The role of cognitive change in the relationship between actual and perceived motor competence in young children

Bardid, Farid and Goodway, Jacqueline D and Lenoir, Matthieu (2017) The role of cognitive change in the relationship between actual and perceived motor competence in young children. Journal of Sport and Exercise Psychology, 39 (Suppl ). p. 52. ISSN 0895-2779

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    Abstract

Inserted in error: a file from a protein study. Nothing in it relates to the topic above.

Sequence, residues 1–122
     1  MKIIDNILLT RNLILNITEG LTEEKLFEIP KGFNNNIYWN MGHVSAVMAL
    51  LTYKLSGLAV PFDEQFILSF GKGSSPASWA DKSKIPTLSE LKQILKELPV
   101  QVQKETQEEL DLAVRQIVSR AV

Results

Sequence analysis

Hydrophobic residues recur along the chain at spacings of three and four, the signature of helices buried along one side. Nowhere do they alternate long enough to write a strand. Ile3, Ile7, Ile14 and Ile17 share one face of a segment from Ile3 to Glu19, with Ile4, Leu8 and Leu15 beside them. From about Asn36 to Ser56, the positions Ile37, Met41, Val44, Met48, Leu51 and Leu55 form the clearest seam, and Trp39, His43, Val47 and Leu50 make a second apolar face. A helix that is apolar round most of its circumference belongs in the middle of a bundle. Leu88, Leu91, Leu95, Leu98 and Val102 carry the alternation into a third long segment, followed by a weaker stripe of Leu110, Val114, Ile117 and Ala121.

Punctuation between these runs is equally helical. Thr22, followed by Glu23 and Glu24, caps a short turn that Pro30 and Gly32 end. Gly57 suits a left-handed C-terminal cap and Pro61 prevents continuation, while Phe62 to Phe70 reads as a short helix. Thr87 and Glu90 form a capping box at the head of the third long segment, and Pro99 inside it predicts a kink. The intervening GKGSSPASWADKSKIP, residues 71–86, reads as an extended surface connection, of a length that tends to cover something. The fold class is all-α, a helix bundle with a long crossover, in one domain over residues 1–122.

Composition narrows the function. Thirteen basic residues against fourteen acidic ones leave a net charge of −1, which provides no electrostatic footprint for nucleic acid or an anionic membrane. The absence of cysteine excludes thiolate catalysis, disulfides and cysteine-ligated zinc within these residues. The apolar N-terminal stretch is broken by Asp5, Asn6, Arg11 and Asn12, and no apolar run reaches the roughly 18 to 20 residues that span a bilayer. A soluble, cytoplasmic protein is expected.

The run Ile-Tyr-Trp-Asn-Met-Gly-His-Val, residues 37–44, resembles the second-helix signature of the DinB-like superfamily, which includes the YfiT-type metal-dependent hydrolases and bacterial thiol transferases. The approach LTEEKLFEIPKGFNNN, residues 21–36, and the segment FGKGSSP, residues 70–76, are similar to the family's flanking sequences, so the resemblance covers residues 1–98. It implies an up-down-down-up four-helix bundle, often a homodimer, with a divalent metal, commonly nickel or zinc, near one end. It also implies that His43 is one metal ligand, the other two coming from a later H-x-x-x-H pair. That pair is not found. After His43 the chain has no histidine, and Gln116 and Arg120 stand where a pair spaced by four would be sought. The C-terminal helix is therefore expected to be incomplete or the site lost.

Literature suggests that the relationship between actual and perceived motor competence emerges over time as young children shift to a higher level of cognitive development (Harter, 1998; Stodden et al., 2008). From Piaget’s theoretical perspective, this entails a transition from the intuitive, preoperational stage –when children rely heavily on visuospatial experience– to the concrete operational stage –when children start to develop logical thinking and mental representation. The purpose of the present study is to examine the effect of this cognitive change on the relationship between actual and perceived motor competence in the early years. Children (N = 349; 51.6% boys) aged 5-7 years took part in the study. Actual motor competence was measured using the Körperkoordinationstest für Kinder (Kiphard & Schilling, 1974, 2007), perceived motor competence was assessed with the Pictorial Scale of Perceived Competence and Social Acceptance for Young Children (Harter et al., 2012), and cognitive change was evaluated using three Piagetian conservation tasks (i.e., conservation of number, length and mass; Piaget, 1984). Three moderation analyses were conducted with each conservation task separately. Results showed that – after controlling for sex and age – cognitive change has a moderating effect on the relationship between actual and perceived motor competence (p values < .05). For children who cannot conserve, there is no significant association between actual and perceived motor competence (p values > .05). For children who can conserve, there is a positive relationship between actual and perceived motor competence (p values < .001). These findings provide some proof that cognitive processes play an important role in young children’s emerging ability to accurately assess their actual motor competence.